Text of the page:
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Revision as of 19:31, 1 November 2016 by Adamwill (talk | contribs) (add an EOL upgrade section)

Upgrading with DNF system upgrade plugin

Recommended Upgrade Method
This is the recommended method for upgrades of all Fedora installs except Fedora Atomic Host.

For instructions on upgrading with the DNF system upgrade plugin, refer to the dedicated page.

Online rebases for Fedora Atomic Host via rpm-ostree

Recommended Upgrade Method for Atomic Host
This is the recommended method for upgrades of Fedora Atomic Host installations.

For instructions on upgrading Fedora Atomic Host installations between Fedora releases, refer to the dedicated page.

Online upgrade with pure DNF

Not a recommended upgrade method
This is NOT an officially recommended method for Fedora upgrades.

Upgrading from one release to the next using dnf directly, without the DNF system upgrade plugin, is not explicitly tested by Fedora QA and issues with it are not considered blockers for a release, but in practice it works for many users. To learn more, refer to Upgrading Fedora using dnf.

Updating from a pre-release (Alpha, Beta, or other development snapshot) to the final release

If you are using a pre-release of Fedora, and want to know more about upgrading to the final release, refer to Upgrading from pre-release to final. This is not technically an 'upgrade' operation, it is simply an update, but there are some special considerations involved in making sure you stay on the update track you intend to use, which are documented on this page.


  • Ensure you have a good backup of your data.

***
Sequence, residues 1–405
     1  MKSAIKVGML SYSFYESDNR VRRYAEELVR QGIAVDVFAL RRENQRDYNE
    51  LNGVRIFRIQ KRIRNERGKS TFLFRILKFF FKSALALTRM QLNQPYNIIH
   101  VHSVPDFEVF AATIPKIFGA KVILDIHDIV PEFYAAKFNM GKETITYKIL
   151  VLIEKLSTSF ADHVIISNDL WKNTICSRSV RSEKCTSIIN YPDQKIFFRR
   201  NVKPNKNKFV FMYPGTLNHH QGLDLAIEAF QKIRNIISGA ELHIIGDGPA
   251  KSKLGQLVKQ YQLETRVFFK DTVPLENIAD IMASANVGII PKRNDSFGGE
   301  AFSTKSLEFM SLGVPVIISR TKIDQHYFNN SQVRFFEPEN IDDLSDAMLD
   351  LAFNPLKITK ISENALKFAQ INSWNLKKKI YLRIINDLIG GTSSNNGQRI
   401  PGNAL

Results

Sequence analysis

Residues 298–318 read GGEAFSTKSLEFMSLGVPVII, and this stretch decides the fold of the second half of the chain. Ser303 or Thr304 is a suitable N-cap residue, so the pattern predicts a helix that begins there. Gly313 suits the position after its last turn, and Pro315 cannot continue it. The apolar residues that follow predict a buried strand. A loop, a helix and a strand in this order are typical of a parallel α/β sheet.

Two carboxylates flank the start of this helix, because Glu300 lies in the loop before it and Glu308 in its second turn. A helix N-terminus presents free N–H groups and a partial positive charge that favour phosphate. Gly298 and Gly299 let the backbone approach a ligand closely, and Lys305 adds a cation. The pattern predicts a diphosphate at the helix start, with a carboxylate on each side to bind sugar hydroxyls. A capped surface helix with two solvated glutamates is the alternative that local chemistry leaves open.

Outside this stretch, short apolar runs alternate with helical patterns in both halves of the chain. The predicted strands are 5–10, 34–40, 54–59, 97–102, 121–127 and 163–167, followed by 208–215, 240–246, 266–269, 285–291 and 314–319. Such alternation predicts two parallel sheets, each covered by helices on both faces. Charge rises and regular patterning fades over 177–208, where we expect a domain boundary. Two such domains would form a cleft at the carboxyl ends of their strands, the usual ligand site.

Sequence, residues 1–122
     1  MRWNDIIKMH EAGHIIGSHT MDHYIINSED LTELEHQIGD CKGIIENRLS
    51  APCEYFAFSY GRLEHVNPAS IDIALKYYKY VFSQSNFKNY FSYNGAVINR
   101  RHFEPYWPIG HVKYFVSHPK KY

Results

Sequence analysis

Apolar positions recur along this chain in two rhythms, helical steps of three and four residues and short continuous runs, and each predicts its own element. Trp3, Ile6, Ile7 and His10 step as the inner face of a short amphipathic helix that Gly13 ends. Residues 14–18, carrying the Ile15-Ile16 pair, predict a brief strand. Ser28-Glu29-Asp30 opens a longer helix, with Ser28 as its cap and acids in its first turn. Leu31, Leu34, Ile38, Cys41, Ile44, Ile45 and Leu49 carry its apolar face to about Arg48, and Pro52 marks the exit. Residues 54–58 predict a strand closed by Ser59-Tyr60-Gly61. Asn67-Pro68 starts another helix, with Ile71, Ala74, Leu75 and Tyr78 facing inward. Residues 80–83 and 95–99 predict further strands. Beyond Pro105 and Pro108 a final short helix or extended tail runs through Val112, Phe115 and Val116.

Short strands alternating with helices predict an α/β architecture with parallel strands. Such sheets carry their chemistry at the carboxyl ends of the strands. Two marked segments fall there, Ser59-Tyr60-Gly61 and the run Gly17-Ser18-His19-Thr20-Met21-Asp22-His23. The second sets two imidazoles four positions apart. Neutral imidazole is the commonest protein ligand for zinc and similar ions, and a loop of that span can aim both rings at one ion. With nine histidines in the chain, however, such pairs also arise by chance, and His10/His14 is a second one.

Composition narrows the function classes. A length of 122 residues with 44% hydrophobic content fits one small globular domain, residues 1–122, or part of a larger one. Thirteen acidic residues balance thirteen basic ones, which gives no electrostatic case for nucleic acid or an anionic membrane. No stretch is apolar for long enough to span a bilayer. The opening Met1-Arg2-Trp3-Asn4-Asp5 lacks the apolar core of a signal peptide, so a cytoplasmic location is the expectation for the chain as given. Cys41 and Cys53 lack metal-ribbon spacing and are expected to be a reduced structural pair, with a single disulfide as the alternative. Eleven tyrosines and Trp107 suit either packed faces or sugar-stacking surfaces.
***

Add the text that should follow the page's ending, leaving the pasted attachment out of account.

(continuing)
• Ensure you read the Release Notes carefully before attempting an upgrade.

Upgrading to Rawhide and Branched

Rawhide and Branched are the development releases of Fedora. They are suitable for people who are developing or testing Fedora before broad public release. They are NOT SUITABLE for regular day-to-day use unless you are a fairly experienced user, and certainly not suitable for mission-critical use. You should read through those pages carefully before deciding to run Branched or, particularly, Rawhide. See Fedora Release Life Cycle for more information on how the whole Fedora cycle works from Rawhide, to Branched, to the milestone releases (Alpha and Beta), to a 'final' release.

If you are sure you want to do it, upgrading to a Branched release or to Rawhide can be done with DNF system upgrade just like upgrading to a newer stable release. There are just a couple of special notes that are covered in the instructions.

Upgrading from End of life releases

Note that Fedora strongly recommends against ever running an end-of-life release on any production system, or any system connected to the public internet, in any circumstances. You should never allow a production Fedora deployment to reach end-of-life in the first place.

With that in mind, if you do have an end-of-life release installed on a system you cannot just discard or re-deploy, you can attempt to upgrade it, though this is not officially tested or supported.

If you have Fedora 21 or later, you can try to upgrade using DNF_system_upgrade#eol.

If you have Fedora 20 or earlier, you will have to perform at least part of the upgrade with bare dnf or yum. You can either use that method to upgrade to Fedora 21 or later and then use DNF_system_upgrade to upgrade from there to a currently-supported release, or just use bare dnf or yum for the entire upgrade process.

Note that when upgrading from Fedora 20 or earlier, you are both upgrading from an end-of-life release and using a not-officially-recommended upgrade mechanism; such upgrades are very much performed 'at your own risk' and may well require various kinds of manual intervention to run and clean up the upgraded system, if they work at all.